United Nations declaration committing to rights "is simply not compatible with U.S. sovereignty," says Ambassador Nikki Haley.
by Andrea Germanos
In another testament of the Trump administration's anti-immigration stance, the United States announced that it is ditching negotiations towards a United Nations pact aimed at protecting the rights of refugees and migrants.
All 193 U.N. member states, including the U.S., adopted the New York Declaration in September of 2016, which included the goals of adopting a global compact on refugees and another on migration. Among the commitments laid out were protecting the human rights of all refugees and migrants and working towards ending the practice of detaining children for the purpose of determining migration status.
In a statement released Saturday announcing the decision, the United States Mission to the U.N. said the declaration "contains numerous provisions that are inconsistent with U.S. immigration and refugee policies and the Trump Administration's immigration principles." Because of this, the U.S. was walking away from participation towards the Global Compact on Migration, the statement said.
Nikki Haley, the U.S. ambassador to the U.N., said the declaration "is simply not compatible with U.S. sovereignty"—an argument echoed in a statement released Sunday by Secretary of State Rex Tillerson.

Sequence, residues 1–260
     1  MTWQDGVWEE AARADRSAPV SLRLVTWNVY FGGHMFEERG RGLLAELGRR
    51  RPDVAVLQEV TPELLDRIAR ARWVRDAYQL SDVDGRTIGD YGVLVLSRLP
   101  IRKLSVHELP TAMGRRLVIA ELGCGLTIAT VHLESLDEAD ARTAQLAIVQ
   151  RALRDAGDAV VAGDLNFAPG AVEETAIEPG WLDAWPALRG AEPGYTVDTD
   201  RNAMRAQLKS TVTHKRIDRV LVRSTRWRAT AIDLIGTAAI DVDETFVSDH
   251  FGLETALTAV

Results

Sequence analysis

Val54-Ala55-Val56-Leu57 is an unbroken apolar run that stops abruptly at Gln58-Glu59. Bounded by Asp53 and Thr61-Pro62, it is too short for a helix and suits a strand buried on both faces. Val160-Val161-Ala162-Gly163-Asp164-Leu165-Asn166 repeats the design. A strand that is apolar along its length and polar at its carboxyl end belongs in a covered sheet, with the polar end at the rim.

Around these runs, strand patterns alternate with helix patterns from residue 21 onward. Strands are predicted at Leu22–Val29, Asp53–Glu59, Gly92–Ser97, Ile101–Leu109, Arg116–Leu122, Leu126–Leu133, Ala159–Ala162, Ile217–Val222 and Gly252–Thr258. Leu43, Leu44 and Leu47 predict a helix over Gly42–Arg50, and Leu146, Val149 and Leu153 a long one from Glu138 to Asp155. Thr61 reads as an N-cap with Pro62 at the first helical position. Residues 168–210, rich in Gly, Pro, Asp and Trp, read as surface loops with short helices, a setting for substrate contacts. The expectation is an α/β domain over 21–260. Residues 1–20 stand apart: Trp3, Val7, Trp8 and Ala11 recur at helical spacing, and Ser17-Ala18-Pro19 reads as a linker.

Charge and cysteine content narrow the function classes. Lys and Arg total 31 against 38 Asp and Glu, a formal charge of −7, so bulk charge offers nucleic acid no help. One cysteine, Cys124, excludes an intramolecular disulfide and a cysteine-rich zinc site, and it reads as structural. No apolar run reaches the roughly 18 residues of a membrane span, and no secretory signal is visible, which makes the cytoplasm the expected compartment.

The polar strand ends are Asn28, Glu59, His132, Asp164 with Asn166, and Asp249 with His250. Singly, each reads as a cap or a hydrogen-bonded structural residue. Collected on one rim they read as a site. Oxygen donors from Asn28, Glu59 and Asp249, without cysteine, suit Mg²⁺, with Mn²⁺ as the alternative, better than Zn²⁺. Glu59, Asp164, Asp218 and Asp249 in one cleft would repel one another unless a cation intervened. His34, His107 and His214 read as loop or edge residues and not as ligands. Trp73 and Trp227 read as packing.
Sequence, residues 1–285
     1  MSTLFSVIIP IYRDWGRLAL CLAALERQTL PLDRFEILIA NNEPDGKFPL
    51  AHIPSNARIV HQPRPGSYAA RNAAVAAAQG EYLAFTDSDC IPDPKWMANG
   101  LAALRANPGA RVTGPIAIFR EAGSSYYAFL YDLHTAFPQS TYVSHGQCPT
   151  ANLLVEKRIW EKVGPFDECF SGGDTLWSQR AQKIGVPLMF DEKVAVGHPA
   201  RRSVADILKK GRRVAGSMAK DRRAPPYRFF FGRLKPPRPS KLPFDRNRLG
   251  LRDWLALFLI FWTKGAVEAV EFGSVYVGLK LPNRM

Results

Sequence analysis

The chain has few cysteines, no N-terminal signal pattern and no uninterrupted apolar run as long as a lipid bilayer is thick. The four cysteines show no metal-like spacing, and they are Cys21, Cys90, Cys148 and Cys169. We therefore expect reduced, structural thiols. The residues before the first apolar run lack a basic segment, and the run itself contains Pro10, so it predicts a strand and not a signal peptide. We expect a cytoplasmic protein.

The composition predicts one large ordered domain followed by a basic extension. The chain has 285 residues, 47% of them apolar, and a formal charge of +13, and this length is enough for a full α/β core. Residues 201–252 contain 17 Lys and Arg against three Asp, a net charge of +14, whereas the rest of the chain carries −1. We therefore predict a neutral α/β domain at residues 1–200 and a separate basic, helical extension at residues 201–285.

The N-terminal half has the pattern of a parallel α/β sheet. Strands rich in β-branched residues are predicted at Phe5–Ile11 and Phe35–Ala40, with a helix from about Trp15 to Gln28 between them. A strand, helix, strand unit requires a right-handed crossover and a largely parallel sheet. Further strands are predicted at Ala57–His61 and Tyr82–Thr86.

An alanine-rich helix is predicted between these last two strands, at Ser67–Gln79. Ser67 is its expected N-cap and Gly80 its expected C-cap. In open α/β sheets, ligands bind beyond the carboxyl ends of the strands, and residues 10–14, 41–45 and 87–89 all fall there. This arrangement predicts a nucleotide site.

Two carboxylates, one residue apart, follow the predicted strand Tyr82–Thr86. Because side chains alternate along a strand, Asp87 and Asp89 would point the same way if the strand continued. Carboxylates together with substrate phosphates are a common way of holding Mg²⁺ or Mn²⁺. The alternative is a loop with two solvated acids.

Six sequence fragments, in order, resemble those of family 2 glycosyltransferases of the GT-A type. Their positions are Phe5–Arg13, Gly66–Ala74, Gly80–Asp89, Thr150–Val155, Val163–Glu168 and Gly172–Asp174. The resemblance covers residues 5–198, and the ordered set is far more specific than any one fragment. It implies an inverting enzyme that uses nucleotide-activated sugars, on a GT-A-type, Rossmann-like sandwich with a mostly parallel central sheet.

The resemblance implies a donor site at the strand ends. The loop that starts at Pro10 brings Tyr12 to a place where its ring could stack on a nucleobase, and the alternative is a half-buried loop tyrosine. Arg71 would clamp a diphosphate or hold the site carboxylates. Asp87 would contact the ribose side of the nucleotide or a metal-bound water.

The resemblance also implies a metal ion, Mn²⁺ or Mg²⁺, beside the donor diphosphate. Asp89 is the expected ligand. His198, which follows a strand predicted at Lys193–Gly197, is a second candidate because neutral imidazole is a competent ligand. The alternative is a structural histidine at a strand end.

In response to the development, Bill Frelick, director of Human Rights Watch's refugee program, told the New York Times, "Simplistic solutions like walls will not solve the complex problem of unsafe, irregular, disorderly migration, demonstrating a callous disregard for the lives of migrants and jaw-dropping irresponsibility toward the community of nations."
The decision was also met with outrage by the Norwegian Refugee Council, which said it's "another example of the Trump administration's contempt for collective solutions to pressing international problems, and raises the specter of a possible U.S. withdrawal from the Global Compact on Refugees process."
Speaking to the U.N. a day after the declaration was adopted, then-president Barack Obama, whose administration also detained child immigrants, called the refugee crisis "a test of our common humanity—whether we give in to suspicion and fear and build walls," later adding, "I believe history will judge us harshly if we do not rise to this moment."
This story was originally published in Common Dreams.
Photo: U.S. Mission Photo/Eric Bridiers/Flickr/CC